The development of the first statement of faith of the Evangelical Alliance in 1846 is stirring, [Lindemann. Geschichte. pp. 87–98] as the first two sentences have produced a dynamic tension of complementary principles which we must embrace and employ:

“1. The divine inspiration, authority, and sufficiency of the Holy Scriptures.
2. The right and duty of private judgment in the interpretation of the Holy Scriptures“. [Lindemann. Geschichte. p. 98.]

On the one hand, you find here an unalterable and unifying provision in the sufficiency of Scripture. On the other hand, it reflects an extreme pluralism, obligating each believer to interpret the foundation for himself.

Evangelicals are marked by two opposite poles, and one does not do them justice if one only observes or stresses one pole of those positions.

Restated, on the one hand, there is the centrality of the Holy Scriptures inherited from the Protestant Reformation. On the other hand, there is individual salvation that arises from Luther’ question: “How do I find a gracious God?” It is a matter of each person’s having a personal relationship with God and there arising as a corrective to the centrality of the Scriptures the entitlement, even the obligation, of every Christian to study the Scriptures himself and to interpret them. The result is that such an individual stands on a level with every evangelical theologian, no matter how learned, even if it is his pastor. Thus the evangelical world unites dogmatic constriction, thanks to the position of the Bible, with an enormous democratic breadth, because every Christian is allowed to have a say.

The second two poles are missions and religious freedom. From the enormous emphasis on a personal relationship with Jesus, what arose was a strong stress on the ‘duty to witness’ as well as a strong emphasis on religious freedom. The concept of voluntariness marks not only free churches. Rather, it also is marks intra-church pietism, for which faith should not be something that is only external, or inherited, but rather something which is personally experienced. But for all that, no one can be forced into it. Indeed, coercion destroys the possibility of accomplishing a truly independent, personal repentance before God. Thus we prefer a smaller church with convinced members over a large church with many members who belong only due to societal, family, or other pressures.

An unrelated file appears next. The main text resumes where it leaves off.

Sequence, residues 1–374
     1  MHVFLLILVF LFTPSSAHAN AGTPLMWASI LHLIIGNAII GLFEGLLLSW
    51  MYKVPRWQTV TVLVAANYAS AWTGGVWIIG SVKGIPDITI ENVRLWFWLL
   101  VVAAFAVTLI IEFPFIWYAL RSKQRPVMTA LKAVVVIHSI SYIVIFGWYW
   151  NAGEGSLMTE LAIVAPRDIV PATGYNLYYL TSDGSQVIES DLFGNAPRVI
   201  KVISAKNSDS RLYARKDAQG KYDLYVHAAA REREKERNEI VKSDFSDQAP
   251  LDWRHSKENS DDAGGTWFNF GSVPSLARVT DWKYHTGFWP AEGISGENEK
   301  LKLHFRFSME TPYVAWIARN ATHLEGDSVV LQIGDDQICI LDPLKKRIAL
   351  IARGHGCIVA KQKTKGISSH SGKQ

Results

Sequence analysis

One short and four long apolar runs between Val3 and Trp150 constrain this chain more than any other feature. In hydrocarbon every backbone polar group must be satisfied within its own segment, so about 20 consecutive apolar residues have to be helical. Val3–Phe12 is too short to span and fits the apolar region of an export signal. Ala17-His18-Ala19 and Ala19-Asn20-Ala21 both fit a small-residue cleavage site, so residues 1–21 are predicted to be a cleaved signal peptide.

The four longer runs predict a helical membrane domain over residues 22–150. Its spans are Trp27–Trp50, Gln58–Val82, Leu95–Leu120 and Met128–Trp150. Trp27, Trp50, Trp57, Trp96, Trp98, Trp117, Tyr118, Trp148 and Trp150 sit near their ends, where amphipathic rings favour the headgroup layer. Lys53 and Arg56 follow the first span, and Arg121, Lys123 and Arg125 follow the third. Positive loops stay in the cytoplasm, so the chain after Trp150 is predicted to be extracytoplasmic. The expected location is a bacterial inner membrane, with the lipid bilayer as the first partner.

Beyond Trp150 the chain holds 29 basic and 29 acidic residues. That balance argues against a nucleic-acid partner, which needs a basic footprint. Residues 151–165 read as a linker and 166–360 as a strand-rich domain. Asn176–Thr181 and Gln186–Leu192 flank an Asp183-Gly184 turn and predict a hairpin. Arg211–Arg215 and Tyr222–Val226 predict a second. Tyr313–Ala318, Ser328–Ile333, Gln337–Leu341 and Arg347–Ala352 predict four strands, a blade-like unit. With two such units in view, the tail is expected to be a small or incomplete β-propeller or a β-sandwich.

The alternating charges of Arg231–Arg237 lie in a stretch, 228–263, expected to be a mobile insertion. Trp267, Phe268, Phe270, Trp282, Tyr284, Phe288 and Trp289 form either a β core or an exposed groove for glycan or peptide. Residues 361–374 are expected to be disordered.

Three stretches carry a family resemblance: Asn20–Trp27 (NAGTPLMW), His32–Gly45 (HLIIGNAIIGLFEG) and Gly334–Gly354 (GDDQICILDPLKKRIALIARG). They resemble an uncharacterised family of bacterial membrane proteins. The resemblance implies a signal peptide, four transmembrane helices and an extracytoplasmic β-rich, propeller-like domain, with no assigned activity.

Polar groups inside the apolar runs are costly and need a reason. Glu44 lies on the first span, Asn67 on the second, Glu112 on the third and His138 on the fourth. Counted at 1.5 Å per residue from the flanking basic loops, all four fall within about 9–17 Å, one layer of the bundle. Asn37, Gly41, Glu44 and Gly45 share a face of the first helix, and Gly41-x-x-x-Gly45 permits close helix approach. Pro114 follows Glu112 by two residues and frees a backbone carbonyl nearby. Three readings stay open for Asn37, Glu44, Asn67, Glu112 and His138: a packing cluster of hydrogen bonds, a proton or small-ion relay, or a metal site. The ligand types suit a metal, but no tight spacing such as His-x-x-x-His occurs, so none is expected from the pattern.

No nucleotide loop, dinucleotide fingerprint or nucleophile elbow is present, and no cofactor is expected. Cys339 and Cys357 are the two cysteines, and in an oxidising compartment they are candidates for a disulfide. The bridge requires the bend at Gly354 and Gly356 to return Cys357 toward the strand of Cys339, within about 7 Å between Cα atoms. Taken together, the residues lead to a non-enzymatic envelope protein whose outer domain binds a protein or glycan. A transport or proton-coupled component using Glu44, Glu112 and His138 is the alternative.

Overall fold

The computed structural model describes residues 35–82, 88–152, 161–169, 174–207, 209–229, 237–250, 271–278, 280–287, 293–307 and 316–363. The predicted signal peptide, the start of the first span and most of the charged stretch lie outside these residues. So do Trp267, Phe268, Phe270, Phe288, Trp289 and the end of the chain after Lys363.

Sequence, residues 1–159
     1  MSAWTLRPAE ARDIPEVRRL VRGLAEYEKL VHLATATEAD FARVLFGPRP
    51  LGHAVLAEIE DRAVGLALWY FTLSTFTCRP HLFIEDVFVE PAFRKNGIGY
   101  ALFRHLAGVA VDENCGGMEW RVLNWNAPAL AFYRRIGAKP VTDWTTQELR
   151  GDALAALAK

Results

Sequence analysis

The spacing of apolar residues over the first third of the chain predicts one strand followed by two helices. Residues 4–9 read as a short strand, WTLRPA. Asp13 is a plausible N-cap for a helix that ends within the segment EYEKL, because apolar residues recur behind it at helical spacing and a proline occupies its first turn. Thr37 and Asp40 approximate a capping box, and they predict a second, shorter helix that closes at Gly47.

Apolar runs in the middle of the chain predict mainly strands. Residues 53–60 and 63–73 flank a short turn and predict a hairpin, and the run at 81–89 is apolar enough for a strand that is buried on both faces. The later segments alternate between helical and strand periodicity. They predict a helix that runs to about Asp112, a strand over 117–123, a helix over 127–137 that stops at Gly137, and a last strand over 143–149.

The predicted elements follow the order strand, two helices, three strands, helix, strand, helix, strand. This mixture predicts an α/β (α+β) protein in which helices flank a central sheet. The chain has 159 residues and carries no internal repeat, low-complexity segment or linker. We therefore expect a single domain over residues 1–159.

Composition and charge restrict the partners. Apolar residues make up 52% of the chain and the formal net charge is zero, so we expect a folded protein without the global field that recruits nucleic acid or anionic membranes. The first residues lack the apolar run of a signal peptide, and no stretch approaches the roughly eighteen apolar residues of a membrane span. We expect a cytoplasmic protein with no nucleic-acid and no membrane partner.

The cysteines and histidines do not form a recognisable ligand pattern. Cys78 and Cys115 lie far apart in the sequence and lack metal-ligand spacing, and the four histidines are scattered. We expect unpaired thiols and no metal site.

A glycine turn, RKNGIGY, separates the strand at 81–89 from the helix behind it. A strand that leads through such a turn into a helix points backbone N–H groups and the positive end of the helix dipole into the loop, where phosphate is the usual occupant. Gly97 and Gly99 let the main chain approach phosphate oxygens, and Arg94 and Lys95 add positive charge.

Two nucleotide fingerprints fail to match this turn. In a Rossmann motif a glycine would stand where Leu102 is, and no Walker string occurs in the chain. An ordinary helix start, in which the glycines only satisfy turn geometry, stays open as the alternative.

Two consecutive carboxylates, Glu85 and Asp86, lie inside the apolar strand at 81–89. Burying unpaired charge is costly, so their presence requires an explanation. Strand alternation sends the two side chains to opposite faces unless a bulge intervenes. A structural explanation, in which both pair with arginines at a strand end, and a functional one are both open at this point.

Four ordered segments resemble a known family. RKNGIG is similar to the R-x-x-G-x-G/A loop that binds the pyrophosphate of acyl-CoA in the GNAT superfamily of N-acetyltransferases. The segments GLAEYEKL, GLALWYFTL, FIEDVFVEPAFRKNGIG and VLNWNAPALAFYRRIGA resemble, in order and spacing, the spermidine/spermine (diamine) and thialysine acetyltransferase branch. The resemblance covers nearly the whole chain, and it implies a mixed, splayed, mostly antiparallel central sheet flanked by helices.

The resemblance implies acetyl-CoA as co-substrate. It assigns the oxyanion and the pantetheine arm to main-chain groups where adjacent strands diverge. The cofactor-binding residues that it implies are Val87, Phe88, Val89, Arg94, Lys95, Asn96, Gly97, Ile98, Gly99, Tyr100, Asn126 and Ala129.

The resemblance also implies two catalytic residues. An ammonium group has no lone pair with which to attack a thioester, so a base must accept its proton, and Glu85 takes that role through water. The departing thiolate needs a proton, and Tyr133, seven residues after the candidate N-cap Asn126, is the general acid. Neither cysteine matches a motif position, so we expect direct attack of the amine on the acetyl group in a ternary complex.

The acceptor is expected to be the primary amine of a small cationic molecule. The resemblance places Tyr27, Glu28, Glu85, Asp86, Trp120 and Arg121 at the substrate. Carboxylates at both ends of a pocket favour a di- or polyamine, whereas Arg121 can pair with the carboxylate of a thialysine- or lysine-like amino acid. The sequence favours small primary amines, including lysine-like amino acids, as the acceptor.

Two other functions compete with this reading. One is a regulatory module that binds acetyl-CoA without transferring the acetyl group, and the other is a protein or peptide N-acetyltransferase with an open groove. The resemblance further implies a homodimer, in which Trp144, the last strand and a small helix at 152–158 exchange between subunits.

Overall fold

A typical example is the relationship to the Catholic Church. At the time of the founding of the Evangelical Alliance, its advocacy of freedom of religion and freedom of conscience represented the complete opposite of the Ultramontanist Catholic Church, which decidedly rejected religious freedom (and human rights) as being atheistic in favor of a Catholic State. Thus the religious freedom approach of the Alliance met its utmost opposition in the development of the Catholic Church on its way to papal infallibility (1870). The Alliance’s emphasis on the primacy of voluntary personal conversion excluded any sort of coercion in missions or religious coercion from the side of a Christian state. This is pure history now, because since Vatican II and by the latest in the new statement “Christian Witness …” the Catholic Church has become a major proponent of religious freedom as a Christian principle.

But at time of political tension between evangelicals and Catholics, the Evangelical Alliance defended discriminated Catholics in Protestant countries. When the Alliance opposed Sweden with a delegation in 1858 after the highest royal court expelled six women from the country who had converted to Catholicism, by calling for religious freedom for these Catholics, there was throughout Europe a storm of outrage outside of the Alliance. [Lindemann. Geschichte. pp. 295–300.] The Alliance was then significantly involved in the Swedish Parliament’s 1860 abolishment of the penalties for leaving the Lutheran state church.


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